New Mothercare boss Simon Calver’s candid assessment of the challenges that face the retailer in its core UK market has bought him valuable breathing space.
New Mothercare boss Simon Calver’s candid assessment of the challenges that face the retailer in its core UK market has bought him valuable breathing space. Mothercare may have plunged into a full-year loss, but in the hours following the chief executive’s first analysts’ meeting shares in the company leapt over 20%.
Calver’s intention to be “ruthless” in cutting non-store costs by £20m in three years, reduce the store portfolio to around 200 and drive international and multichannel growth were enough to swing City sentiment his way.
The ex-Lovefilm boss has asked for three years to return the UK business to acceptable levels of profitability – not unreasonable given the scale of the challenge. Calver’s endgame may be 2015, but the market will be demanding clear evidence of progress within months.
The Mothercare chief’s early focus is on cutting prices and extending the range. However, price competitiveness is not necessarily enough – in the digital age of price transparency it’s the very least you need to compete.
Of more concern should be customer perception and the experience of Mothercare’s UK shoppers. It is said 80% of all UK mums visit Mothercare. That may still be true, but too few are coming back.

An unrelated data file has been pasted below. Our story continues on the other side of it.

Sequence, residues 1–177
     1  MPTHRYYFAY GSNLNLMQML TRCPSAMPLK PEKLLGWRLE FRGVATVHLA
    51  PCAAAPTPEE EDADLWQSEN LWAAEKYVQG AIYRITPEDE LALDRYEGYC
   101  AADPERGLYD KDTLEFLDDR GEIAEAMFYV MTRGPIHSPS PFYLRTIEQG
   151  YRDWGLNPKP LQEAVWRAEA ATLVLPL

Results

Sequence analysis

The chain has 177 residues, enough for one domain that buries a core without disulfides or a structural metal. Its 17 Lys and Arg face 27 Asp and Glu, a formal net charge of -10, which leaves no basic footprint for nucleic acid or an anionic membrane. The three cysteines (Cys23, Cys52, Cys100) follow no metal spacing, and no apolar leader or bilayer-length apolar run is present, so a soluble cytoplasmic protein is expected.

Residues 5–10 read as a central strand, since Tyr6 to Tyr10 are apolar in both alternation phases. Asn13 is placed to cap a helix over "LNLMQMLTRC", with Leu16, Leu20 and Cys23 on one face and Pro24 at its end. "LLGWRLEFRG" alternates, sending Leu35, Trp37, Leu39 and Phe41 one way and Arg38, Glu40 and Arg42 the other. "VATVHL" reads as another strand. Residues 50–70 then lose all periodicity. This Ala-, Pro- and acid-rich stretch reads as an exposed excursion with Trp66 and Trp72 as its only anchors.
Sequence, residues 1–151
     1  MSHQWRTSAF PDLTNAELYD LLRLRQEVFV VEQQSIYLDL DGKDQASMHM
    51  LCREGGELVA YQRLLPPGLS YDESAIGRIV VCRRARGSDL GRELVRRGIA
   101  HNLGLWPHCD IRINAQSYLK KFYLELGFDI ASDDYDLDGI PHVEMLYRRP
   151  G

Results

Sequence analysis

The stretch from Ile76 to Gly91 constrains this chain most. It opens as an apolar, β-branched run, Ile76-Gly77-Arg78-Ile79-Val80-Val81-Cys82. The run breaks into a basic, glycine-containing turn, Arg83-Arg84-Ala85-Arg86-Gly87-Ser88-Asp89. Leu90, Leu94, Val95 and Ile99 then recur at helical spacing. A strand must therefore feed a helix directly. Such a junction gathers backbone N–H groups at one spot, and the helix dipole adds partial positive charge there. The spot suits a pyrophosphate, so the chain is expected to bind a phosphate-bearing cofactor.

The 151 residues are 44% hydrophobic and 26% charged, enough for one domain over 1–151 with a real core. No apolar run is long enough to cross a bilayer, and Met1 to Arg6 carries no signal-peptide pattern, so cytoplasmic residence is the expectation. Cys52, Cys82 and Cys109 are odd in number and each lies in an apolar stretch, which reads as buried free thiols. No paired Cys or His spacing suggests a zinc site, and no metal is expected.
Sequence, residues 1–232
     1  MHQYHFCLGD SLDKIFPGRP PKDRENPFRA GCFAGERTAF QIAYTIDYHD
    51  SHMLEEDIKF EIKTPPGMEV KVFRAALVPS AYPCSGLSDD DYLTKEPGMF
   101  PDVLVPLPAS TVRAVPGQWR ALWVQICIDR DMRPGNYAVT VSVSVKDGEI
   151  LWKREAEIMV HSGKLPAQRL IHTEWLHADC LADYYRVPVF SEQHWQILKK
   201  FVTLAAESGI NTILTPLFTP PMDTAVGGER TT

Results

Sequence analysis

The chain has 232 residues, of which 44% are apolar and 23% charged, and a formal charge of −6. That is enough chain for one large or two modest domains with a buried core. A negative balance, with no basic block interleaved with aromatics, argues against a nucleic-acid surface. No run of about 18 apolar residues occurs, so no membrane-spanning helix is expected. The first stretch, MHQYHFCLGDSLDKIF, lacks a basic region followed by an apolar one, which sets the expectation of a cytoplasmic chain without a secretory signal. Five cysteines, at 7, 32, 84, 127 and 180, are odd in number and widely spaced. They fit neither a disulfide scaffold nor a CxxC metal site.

Calver made positive noises about improving baby feeding and changing facilities in store, but more is needed to convince UK shoppers Mothercare has the same aspirational characteristics it enjoys overseas. Online too, the performance betrays the faltering brand credentials, with total direct sales up only 0.8% in the year.
A new website launched in May and how Calver will leverage his own digital pedigree remains keenly anticipated. But should the retailer suffer setbacks on its road to recovery, fears will return that the pace of market change has accelerated beyond the retailer’s grasp. If that proves the case, a far more radical reinvention will be called for.
For Queen and country
The sun shone last weekend and UK shoppers finally gave beleaguered retailers – the grocers at least – something to cheer. Retailers will hope it was but a dry run for this Jubilee weekend. One estimate suggests shoppers are planning to spend a combined £823m over the four days, compared with the estimated £480m spent over the royal wedding weekend last year – enough to make even the staunchest republican raise a glass or two to the Queen